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Gluing Together Your Piano Phrases With Chromaticism

If you're looking for a cheat code to sounding like a jazz pro, this is it.

Jordan Leibel - Jun 15, 2018

We had jazz pianist Jay Oliver in the studio to talk about his philosophies in jazz improv and one of his tips struck me as really versatile for players of ANY skill level. He talked about using the chromatic scale as a tool to glue together his piano phrases, creating jazz lines that are both cohesive and diverse. It sounds super cool and technical to listen to, but it’s actually quite simple in its approach.

 

If you’re confused by the term ‘chromatic scale’, all it means is a scale or phrase moving up or down the keyboard that plays EVERY note. Played on its own it sounds super slinky and creepy-crawly, but played in the context of a blues or minor scale lick it sounds really cool, especially if you use it to swap what key or mode you’re playing in.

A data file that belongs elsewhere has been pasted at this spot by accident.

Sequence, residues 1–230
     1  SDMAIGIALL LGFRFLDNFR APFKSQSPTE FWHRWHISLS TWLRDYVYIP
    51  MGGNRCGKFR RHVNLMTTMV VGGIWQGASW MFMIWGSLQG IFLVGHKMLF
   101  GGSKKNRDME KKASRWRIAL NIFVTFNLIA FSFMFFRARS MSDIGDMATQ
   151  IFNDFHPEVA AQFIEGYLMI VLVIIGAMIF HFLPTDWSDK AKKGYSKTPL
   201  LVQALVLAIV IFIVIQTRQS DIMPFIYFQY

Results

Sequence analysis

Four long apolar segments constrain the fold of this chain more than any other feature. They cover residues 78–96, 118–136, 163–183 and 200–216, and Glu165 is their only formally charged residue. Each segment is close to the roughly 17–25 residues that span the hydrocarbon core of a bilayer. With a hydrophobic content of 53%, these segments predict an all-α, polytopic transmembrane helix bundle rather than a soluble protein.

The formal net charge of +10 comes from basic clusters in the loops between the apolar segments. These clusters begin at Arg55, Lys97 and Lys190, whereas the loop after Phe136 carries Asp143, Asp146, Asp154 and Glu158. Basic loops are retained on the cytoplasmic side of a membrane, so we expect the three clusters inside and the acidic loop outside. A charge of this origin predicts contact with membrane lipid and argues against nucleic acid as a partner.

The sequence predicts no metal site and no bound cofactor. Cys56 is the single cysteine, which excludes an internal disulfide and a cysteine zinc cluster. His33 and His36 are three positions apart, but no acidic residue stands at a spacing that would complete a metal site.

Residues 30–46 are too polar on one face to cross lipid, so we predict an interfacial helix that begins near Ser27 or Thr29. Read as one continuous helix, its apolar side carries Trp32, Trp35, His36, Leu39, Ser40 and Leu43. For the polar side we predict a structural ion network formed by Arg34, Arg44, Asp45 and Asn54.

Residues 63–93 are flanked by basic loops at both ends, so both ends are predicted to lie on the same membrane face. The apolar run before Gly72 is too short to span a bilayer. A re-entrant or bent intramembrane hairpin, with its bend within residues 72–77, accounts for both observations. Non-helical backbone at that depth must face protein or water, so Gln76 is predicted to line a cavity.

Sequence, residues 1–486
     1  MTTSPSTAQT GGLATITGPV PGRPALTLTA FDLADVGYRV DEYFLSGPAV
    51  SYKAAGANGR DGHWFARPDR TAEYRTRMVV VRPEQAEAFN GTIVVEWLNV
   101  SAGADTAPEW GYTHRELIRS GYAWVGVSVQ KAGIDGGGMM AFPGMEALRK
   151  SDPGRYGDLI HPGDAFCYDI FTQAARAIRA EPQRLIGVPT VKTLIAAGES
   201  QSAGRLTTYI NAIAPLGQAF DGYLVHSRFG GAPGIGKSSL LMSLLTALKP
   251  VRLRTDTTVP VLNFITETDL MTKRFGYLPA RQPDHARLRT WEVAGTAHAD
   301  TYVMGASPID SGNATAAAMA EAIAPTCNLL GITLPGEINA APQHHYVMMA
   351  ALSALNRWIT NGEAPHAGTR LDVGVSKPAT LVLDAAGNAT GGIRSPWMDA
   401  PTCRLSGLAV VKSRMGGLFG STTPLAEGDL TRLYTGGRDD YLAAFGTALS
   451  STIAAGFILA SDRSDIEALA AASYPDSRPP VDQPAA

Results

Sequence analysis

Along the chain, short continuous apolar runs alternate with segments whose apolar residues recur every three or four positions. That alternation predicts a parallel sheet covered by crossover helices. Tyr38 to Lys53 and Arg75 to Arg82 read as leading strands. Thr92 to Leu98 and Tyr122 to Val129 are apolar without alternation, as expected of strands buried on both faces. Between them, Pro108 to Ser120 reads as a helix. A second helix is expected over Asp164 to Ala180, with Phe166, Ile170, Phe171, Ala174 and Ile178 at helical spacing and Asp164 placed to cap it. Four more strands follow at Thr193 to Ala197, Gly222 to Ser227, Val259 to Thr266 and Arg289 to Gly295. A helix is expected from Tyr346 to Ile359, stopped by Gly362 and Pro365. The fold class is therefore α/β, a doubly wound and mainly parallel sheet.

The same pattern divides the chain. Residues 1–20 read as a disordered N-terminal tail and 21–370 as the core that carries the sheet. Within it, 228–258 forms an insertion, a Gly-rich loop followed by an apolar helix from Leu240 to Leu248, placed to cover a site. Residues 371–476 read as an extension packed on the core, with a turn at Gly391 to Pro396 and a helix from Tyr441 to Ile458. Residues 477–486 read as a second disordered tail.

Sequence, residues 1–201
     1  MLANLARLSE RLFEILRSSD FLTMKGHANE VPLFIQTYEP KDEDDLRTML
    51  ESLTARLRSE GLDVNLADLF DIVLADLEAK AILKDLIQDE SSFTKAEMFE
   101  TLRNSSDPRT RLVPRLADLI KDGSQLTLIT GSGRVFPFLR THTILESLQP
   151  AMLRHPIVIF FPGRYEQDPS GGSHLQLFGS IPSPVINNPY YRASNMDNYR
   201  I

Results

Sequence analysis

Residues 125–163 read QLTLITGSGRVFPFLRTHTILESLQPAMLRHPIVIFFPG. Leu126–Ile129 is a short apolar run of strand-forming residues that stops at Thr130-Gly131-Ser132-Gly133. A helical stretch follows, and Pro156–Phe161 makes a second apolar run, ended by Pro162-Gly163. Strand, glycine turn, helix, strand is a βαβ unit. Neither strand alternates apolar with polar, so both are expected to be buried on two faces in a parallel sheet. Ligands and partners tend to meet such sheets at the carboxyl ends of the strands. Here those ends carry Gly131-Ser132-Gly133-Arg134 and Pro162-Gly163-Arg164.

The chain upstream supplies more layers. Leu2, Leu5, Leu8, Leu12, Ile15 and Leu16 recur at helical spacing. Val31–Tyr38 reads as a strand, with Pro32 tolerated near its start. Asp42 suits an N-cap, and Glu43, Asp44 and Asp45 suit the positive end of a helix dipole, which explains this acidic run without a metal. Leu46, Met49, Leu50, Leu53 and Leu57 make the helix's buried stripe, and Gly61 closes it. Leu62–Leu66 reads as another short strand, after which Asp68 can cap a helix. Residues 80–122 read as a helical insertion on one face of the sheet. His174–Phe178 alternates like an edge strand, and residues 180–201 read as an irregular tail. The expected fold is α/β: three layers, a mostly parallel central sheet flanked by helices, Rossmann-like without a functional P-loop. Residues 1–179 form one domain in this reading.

All this is really a technical way to say that the chromatic scale is really a way to FOOL your audience (and maybe even yourself) into hearing some seemingly complex jazz lines while actually playing some relatively simple scales.

 

Once Jay explained this idea to me, it all became so clear and I began to hear this technique used everywhere! Try it in your own playing, even if you have to take it slow.

 

Try starting a little melody of your choosing in one key and, using the chromatic scale, transition into a melody using a completely different key. You’ll surprise yourself in how cool this is going to sound!

 

Best of luck and happy playing!

 

Jordan

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Hi, I'm Jordan Leibel

I've worked as a composer for film, commercial, and theatre projects as well as a session musician and producer for recording projects. And now, I'm super excited to teach you a thing or two through Pianote!